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An Austrian approach to law and economics, with special reference to superstition

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  • Peter Leeson

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Abstract

This paper has two purposes. First, it considers what the components of an “Austrian” law and economics might consist of. I argue that Ronald Coase’s conception of law and economics precludes the economic analysis of legal institutions and, in particular, the beliefs that support them. In doing so, Coase’s conception precludes an Austrian law and economics. In contrast, Richard Posner’s conception of law and economics makes such analysis the core of its study. In doing so, Posner’s conception provides a productive foundation for an Austrian law and economics. Second, to illustrate what some aspects of an Austrian law and economics might look like in practice, I consider several examples of the economic analysis of beliefs of import for the law. I focus on objectively false beliefs, or superstitions, and argue that some such beliefs are socially productive. Copyright Springer Science+Business Media, LLC 2012

Suggested Citation

  • Peter Leeson, 2012. "An Austrian approach to law and economics, with special reference to superstition," The Review of Austrian Economics, Springer;Society for the Development of Austrian Economics, vol. 25(3), pages 185-198, September.
  • Handle: RePEc:kap:revaec:v:25:y:2012:i:3:p:185-198
    DOI: 10.1007/s11138-012-0179-3
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    File URL: http://hdl.handle.net/10.1007/s11138-012-0179-3
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    References listed on IDEAS

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    1. Posner, Richard A, 1980. "A Theory of Primitive Society, with Special Reference to Law," Journal of Law and Economics, University of Chicago Press, vol. 23(1), pages 1-53, April.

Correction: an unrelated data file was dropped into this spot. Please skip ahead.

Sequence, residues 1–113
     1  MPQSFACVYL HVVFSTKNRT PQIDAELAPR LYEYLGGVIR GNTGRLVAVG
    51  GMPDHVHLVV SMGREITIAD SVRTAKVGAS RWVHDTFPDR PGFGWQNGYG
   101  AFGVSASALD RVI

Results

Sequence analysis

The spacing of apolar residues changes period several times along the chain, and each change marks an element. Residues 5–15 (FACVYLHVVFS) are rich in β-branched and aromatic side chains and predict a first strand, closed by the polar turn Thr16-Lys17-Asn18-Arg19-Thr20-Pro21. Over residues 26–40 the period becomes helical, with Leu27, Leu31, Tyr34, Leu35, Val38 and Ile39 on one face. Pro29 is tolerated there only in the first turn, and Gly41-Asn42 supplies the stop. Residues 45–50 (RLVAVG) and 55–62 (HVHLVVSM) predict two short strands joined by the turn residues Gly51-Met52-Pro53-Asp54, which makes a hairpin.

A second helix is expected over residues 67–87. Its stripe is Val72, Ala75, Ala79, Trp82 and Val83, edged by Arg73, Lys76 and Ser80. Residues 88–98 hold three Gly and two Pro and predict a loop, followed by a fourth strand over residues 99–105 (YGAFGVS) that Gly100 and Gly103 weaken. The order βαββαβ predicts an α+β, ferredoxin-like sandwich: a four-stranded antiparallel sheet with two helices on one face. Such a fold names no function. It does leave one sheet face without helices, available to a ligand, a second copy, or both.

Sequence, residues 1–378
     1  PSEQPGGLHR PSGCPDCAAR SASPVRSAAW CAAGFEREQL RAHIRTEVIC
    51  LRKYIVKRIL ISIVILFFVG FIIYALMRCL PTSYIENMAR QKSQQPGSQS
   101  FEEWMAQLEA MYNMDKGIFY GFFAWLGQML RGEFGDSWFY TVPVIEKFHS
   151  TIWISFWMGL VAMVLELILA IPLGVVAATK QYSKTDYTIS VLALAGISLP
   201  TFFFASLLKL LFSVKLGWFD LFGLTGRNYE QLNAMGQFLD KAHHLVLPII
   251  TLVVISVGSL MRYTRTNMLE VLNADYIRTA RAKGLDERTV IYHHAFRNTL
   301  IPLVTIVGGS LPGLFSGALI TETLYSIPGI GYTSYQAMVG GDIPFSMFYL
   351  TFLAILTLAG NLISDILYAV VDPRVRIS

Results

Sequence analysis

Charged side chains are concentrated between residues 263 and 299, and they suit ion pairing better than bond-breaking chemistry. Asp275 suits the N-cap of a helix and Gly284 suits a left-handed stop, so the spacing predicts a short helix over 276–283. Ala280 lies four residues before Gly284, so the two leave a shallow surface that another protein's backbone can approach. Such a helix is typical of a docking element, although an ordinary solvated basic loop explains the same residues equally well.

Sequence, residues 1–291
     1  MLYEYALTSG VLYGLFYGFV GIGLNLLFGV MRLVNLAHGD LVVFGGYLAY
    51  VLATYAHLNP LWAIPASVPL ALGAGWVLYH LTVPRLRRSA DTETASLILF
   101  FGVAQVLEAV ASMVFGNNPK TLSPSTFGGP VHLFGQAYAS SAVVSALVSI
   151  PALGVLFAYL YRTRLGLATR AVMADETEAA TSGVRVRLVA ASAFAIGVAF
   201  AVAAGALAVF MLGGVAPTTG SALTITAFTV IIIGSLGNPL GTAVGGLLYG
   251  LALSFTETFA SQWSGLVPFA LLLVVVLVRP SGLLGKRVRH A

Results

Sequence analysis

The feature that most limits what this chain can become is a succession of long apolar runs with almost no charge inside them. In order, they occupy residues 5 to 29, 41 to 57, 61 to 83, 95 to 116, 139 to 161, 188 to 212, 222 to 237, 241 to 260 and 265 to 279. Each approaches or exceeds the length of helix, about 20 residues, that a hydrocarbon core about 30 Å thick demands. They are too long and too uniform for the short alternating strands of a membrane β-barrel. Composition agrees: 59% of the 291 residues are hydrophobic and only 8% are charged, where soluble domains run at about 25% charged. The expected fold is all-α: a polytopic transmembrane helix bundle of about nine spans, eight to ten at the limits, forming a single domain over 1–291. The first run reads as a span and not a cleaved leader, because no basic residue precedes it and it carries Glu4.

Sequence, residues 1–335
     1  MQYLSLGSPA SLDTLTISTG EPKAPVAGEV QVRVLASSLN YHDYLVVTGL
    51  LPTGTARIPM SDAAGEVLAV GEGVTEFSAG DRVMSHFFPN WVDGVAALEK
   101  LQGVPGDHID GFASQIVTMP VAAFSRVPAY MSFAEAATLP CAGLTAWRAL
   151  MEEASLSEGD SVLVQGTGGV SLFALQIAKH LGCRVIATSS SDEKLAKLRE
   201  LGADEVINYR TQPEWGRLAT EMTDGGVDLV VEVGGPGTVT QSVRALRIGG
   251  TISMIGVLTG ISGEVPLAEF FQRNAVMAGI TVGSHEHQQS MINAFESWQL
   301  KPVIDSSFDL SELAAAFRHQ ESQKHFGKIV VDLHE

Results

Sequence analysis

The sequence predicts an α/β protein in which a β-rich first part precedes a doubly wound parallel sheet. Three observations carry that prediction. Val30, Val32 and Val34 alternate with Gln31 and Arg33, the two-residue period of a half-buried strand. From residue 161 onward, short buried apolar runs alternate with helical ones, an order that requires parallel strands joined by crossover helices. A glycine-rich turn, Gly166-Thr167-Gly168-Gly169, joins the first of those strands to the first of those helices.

2. Ronald H. Coase, 2000. "The new institutional economics," Chapters,in: Institutions, Contracts and Organizations, chapter 1 Edward Elgar Publishing.
    3. Coase, R H, 1993. "Law and Economics at Chicago," Journal of Law and Economics, University of Chicago Press, vol. 36(1), pages 239-254, April.
    4. Coase, R H, 1996. "Law and Economics and A. W. Brian Simpson," The Journal of Legal Studies, University of Chicago Press, vol. 25(1), pages 103-119, January.
    5. Douglass C. North & John Joseph Wallis & Barry R. Weingast, 2006. "A Conceptual Framework for Interpreting Recorded Human History," NBER Working Papers 12795, National Bureau of Economic Research, Inc.
    6. Peter T. Leeson, 2014. ""God Damn": The Law and Economics of Monastic Malediction," Journal of Law, Economics, and Organization, Oxford University Press, vol. 30(1), pages 193-216.
    7. Posner, Richard A, 1993. "Gary Becker's Contributions to Law and Economics," The Journal of Legal Studies, University of Chicago Press, vol. 22(2), pages 211-215, June.
    8. Harnay, Sophie & Marciano, Alain, 2009. "Posner, Economics And The Law: From “Law And Economics” To An Economic Analysis Of Law," Journal of the History of Economic Thought, Cambridge University Press, vol. 31(02), pages 215-232, June.
    9. Stigler, George J & Becker, Gary S, 1977. "De Gustibus Non Est Disputandum," American Economic Review, American Economic Association, vol. 67(2), pages 76-90, March.
    10. Posner, Richard A, 1987. "The Law and Economics Movement," American Economic Review, American Economic Association, vol. 77(2), pages 1-13, May.
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    Citations

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    Cited by:

    1. Peter Leeson, 2012. "The irrelevance of normative considerations for founding an Austrian law and economics: Reply to Marciano," The Review of Austrian Economics, Springer;Society for the Development of Austrian Economics, vol. 25(4), pages 355-357, December.
    2. Peter Leeson, 2014. "Pirates, prisoners, and preliterates: anarchic context and the private enforcement of law," European Journal of Law and Economics, Springer, vol. 37(3), pages 365-379, June.
    3. Alain Marciano, 2012. "How far an Austrian law and economics should be Posnerian?," The Review of Austrian Economics, Springer;Society for the Development of Austrian Economics, vol. 25(4), pages 351-354, December.
    4. repec:kap:ejlwec:v:43:y:2017:i:3:d:10.1007_s10657-015-9501-4 is not listed on IDEAS

    More about this item

    Keywords

    Austrian-Chicago synthesis; law and economics; Coase; Posner; Superstition; Beliefs; Economic analysis of law; B53; D8; K00; K49; Z12;

    JEL classification:

    • B53 - Schools of Economic Thought and Methodology - - Current Heterodox Approaches - - - Austrian
    • D8 - Microeconomics - - Information, Knowledge, and Uncertainty
    • K00 - Law and Economics - - General - - - General (including Data Sources and Description)
    • K49 - Law and Economics - - Legal Procedure, the Legal System, and Illegal Behavior - - - Other
    • Z12 - Other Special Topics - - Cultural Economics - - - Religion

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